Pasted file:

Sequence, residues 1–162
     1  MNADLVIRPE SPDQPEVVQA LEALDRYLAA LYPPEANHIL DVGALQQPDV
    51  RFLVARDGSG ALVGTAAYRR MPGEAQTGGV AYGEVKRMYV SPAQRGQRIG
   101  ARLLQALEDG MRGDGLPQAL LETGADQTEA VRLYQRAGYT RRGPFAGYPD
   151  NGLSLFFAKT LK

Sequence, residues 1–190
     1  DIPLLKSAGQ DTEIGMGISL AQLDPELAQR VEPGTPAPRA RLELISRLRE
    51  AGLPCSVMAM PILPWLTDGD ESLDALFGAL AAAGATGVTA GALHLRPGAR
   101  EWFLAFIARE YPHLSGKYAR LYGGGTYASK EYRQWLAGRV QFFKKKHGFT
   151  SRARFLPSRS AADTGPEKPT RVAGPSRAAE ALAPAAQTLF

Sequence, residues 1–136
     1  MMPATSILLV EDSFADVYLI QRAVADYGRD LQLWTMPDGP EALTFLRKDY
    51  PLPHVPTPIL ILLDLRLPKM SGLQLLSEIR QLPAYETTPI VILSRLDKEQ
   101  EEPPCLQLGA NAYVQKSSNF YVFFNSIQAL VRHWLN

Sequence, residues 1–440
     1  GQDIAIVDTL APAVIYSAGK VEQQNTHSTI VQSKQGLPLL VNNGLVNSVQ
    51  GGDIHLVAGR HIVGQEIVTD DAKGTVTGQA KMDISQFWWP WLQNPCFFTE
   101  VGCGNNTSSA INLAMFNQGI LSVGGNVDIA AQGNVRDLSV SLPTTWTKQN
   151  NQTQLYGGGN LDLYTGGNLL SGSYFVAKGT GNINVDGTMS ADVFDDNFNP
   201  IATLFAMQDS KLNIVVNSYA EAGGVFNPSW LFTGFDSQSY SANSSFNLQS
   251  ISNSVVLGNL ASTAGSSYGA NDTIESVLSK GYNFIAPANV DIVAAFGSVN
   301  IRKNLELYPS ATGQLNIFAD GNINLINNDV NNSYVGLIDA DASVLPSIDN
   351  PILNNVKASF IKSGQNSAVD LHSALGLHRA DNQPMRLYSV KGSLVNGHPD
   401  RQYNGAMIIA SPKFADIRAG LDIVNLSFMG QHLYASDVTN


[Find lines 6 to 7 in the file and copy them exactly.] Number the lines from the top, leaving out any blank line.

Sequence, residues 1–190
     1  DIPLLKSAGQ DTEIGMGISL AQLDPELAQR VEPGTPAPRA RLELISRLRE